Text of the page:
Mr HUSIC (Chifley) (12:57): Having lived in Western Sydney nearly all my life, it has been amazing to see how the place has changed. The pace of development has been incredible. Paddocks have been transformed into housing estates in what it feels like the blink of an eye. While bricks and mortar have spread rapidly in Western Sydney, residents in my neck of the woods also recognise the value of maintaining green space within the built space. Reflecting this, state governments and councils, to their credit, have been keen to establish more parkland out our way, and the Western Sydney parkland stands as a terrific example of this. But we need people to help maintain and protect these green spaces.
I recently attended a graduation ceremony for one of the National Green Jobs Corps projects in my area, and I met 14 young people who were not only impressive but inspiring. Most of them were early school leavers, who used the opportunity provided by the program to acquire skills and pursue options they never thought they would have. The National Green Jobs Corps is a 26-week training and work experience program, delivering 10,000 places over two years for eligible Australians aged from 17 to 24 and costing around $80 million. Participants undertake work experience and skills development on environmental projects, with 130 hours of this training leading to a nationally recognised qualification in horticulture or conservation and land management, helping them get ready for deployment in emerging green and climate change industries. The projects are focused on conservation, protection and rejuvenation of natural environment and cultural heritage. There are nine job and training providers nationally and over 120 projects across Australia, including water testing, bush regeneration, planting, surveying, track repairs and construction. The project recently completed in our area was titled Fixing the Hawkesbury: The Three R's—Restoration, Rivers and Revegetation, with the participants working on various sites around the Hawkesbury and Whalan areas. They undertook activities including the protection of a rare orchid and Aboriginal sites, which included engaging with schoolchildren in developing interpretive materials; restoration and protection of creek banks, waterways and fish habitats; monitoring water quality and flow with University of Western Sydney staff, Streamwatch and local volunteers; woody weed control; collecting seed; developing plant stock; and walking track and signage construction.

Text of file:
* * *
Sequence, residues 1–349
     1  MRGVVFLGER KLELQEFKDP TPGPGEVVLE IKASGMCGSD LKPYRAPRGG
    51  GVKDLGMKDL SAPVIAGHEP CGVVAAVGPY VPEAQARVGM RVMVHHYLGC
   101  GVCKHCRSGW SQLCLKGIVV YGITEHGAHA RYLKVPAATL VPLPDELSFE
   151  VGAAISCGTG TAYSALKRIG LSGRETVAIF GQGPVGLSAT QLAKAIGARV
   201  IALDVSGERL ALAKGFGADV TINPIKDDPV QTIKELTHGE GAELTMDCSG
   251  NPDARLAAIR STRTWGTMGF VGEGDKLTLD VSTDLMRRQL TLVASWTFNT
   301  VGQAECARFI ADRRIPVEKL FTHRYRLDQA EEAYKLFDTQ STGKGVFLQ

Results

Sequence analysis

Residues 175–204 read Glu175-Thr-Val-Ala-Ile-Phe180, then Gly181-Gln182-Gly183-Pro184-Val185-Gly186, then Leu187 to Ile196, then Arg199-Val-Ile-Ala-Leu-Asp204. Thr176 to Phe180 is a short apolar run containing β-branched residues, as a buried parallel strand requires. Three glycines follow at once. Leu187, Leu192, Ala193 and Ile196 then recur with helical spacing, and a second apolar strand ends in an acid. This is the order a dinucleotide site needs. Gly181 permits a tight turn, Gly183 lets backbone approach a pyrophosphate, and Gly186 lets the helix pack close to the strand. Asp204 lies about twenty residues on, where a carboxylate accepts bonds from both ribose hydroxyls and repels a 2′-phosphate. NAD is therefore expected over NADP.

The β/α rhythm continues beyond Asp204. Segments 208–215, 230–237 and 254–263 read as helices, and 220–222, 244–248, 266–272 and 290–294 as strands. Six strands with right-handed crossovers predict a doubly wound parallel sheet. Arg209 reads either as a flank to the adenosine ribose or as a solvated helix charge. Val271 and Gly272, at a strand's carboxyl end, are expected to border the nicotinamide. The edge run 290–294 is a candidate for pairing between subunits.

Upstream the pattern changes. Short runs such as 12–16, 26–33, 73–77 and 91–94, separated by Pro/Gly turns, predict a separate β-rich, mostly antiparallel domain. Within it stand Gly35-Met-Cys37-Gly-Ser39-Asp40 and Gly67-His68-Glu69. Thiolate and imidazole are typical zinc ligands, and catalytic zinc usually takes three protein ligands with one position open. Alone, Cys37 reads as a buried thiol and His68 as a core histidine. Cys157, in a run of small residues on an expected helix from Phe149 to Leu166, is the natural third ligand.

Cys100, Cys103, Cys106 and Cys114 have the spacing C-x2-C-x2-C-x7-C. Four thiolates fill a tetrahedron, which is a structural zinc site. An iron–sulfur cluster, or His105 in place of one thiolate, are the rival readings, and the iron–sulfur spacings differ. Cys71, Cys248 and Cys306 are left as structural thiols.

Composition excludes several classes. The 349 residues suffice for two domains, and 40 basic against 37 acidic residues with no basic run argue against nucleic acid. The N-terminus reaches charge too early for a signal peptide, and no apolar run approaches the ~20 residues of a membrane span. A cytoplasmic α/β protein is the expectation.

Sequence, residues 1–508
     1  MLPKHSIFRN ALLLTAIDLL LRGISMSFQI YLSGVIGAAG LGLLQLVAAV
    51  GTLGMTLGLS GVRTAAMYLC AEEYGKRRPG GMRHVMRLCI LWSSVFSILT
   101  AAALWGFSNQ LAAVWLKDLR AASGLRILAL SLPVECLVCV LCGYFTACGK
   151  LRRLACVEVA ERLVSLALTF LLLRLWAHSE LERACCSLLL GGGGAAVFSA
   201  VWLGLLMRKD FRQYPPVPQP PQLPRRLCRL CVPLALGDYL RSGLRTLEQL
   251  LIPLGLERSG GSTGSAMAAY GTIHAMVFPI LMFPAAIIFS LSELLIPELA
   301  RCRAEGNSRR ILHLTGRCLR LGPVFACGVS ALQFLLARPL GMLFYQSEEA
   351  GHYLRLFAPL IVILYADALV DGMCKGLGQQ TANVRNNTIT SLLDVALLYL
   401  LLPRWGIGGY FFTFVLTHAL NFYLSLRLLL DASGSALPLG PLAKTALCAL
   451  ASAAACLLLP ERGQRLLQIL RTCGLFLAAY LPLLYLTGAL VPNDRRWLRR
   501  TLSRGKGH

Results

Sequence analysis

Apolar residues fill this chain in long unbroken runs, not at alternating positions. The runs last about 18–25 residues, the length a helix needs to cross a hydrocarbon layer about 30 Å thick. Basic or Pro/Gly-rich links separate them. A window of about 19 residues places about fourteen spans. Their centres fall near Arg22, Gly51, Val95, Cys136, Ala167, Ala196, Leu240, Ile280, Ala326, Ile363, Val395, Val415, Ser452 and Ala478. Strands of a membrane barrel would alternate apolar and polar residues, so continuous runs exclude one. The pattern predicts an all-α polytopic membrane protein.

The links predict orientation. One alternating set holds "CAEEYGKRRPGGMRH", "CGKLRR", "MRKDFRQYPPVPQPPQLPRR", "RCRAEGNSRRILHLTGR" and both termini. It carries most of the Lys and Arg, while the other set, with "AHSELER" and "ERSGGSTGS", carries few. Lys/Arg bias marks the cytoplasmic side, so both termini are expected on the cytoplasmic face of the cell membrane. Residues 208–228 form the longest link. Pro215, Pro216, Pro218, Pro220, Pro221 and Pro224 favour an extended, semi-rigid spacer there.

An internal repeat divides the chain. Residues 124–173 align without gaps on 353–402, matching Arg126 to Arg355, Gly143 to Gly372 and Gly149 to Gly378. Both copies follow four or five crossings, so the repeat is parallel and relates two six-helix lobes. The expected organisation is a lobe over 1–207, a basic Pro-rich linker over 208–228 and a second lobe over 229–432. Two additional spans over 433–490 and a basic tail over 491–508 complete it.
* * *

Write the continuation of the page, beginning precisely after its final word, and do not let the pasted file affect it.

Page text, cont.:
There is a saying that sometimes the journey is more important than the destination, and I think that is very true. Many of the young people involved in this particular project, with the discipline and dedication required to complete the project, will be empowered to embark on another journey with different dimensions: those of a skilled student, responsible adult and contributing citizen. I promised that I would refer to their achievements in our nation's parliament, and today I enthusiastically fulfil my commitment to them. Congratulations go to Aaron Albert, David Benington, Chris Borg, Bradley Bush, Chris Cameron, Shalom Fepoleai, Joseph Piggot, Sean Richmond, Luke Thompson and Tiffany Williams, who all received statements of attainment from the Certificate II in Conservation and Land Management. Daniel Cacation, Edison Lasuma and James Wood all completed the full Certificate II in Conservation and Land Management.
One of the successful graduates recounted to me how he got involved in the program. He said: 'The reason I wanted to go into the program was simple. I was at a job provider's premises. I saw a brochure that was green. I turned it over. It talked about this program, and I knew this was what I wanted to do.' So he followed it up, he stuck with the program and—from memory—he is going to be engaged in horticulture in a major Western Sydney council, Hawkesbury City Council. I remember the enthusiasm on his face and that of his mates and the fact that he said: 'I didn't want to go into a warehouse; it wasn't for me. I didn't want to go into logistics or transport. I wanted to do something with my hands, but outside and feeling like I was making a contribution to the environment.'
This is what I loved about the time I spent with the graduates: seeing the confidence and the excitement in their eyes as a result of completing the program and being connected with the community and the environment. I want to take the opportunity to congratulate them, to remark on the impression they left on me and to celebrate their achievements. They deserve recognition for their hard work and their contributions to their local community. The environmental restoration and regeneration works they undertook will serve as a long-lasting testament to their community and their personal success.